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DBQ Essay-Ratification of the Constitution: The Federalists’ Stance

The ratification of the constitution was a process which was very controversial and tedious. The people chose sides because they were undereducated about the constitution and were easily influenced. The Federalists’ supported the ratification of the constitution because the Articles of Confederation was falling apart and was causing many domestic and foreign distresses.

Massachusetts was perhaps most against the new constitution but even the editor of the Massachusetts Sentinel had to agree that the A.O.C could not be. The editor writes in his newspaper of the many domestic and foreign issues facing our country. He describes them as such “… the complaints of our farmers… the complaints of every class of public creditors…the melancholy faces of our working people…our ships rotting in our harbors…the insults that are offered to the American name and character in every court of Europe…View these things fellow citizens, and then say that we do not require a new, protecting, and efficient federal government if you can.” The editor proves how deplorable the domestic issues are and how pitiful the foreign are getting. He recognizes many issues that anti-federalists overlook in hunger for power control. This editor says that these domestic and foreign issues are a result of the A.O.C and that change was required to ease the hardships the American people were facing.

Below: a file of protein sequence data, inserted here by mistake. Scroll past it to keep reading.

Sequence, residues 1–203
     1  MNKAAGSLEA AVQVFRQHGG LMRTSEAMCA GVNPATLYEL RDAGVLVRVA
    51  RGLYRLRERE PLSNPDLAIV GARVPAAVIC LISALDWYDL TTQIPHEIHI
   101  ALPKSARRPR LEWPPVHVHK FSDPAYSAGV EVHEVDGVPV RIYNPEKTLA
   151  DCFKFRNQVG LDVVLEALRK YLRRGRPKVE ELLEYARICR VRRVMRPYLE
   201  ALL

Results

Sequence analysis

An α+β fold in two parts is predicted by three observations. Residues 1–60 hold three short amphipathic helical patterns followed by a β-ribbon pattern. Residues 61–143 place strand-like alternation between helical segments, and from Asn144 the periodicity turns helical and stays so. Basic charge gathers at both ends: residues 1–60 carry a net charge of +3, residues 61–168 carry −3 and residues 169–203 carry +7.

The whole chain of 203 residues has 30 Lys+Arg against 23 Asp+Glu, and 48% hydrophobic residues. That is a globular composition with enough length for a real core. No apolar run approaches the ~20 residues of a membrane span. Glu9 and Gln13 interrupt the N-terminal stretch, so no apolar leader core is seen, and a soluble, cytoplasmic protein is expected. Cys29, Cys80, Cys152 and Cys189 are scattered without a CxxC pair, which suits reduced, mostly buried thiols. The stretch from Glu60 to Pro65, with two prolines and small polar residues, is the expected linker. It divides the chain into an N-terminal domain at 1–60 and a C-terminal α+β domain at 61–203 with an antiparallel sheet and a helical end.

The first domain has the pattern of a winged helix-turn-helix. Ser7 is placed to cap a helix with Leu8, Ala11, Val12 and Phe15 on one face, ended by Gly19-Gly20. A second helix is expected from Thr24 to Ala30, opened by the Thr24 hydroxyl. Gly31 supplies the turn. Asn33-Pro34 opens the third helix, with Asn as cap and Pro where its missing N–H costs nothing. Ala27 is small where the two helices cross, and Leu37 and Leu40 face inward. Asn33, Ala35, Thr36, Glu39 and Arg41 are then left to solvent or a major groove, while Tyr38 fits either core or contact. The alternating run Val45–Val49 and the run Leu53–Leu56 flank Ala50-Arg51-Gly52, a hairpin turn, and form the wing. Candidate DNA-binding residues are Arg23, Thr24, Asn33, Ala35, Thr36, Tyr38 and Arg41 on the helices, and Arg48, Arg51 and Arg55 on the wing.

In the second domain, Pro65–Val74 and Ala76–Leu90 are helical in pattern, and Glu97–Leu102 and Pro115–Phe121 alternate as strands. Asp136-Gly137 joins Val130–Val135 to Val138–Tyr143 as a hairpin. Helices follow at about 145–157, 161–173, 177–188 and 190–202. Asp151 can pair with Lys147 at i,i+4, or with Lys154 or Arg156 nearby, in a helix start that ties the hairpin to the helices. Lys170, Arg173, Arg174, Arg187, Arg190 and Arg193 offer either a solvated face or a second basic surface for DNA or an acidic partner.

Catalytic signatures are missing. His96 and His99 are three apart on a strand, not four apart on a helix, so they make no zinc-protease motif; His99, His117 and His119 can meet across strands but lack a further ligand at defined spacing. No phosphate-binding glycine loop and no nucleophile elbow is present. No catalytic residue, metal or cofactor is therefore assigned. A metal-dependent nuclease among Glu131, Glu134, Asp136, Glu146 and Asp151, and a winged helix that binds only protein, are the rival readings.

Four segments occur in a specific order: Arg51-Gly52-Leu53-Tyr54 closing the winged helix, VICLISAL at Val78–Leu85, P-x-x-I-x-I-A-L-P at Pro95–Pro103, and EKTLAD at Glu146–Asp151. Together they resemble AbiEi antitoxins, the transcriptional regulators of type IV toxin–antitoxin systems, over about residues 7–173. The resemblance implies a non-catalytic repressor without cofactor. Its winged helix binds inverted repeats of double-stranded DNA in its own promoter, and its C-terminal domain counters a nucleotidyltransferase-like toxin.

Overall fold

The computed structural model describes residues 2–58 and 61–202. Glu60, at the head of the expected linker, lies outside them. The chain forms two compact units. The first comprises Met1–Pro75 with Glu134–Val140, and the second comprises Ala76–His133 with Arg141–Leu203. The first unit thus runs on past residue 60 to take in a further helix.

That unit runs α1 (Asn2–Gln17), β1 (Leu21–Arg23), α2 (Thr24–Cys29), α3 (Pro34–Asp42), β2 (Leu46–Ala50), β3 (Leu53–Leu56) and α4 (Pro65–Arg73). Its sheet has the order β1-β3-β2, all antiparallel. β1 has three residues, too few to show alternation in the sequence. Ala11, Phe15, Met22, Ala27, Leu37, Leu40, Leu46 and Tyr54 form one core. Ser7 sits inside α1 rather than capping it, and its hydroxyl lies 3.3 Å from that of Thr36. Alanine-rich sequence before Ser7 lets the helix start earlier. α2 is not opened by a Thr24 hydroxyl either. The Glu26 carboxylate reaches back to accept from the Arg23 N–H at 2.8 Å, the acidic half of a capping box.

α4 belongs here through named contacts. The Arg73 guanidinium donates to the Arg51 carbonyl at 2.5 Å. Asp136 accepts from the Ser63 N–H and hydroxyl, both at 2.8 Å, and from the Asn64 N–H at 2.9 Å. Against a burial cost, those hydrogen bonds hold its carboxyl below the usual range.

Even what some people consider our nation’s finest man sided with the Federalists. George Washington states the many flaws with the A.O.C in a letter to John Jay. Washington writes “…We have errors to correct. We probably had too good an opinion of human nature in forming our confederation…thirteen sovereign, independent, disunited States are in the habit of…refusing compliance with [our national congress] at their option…”. This

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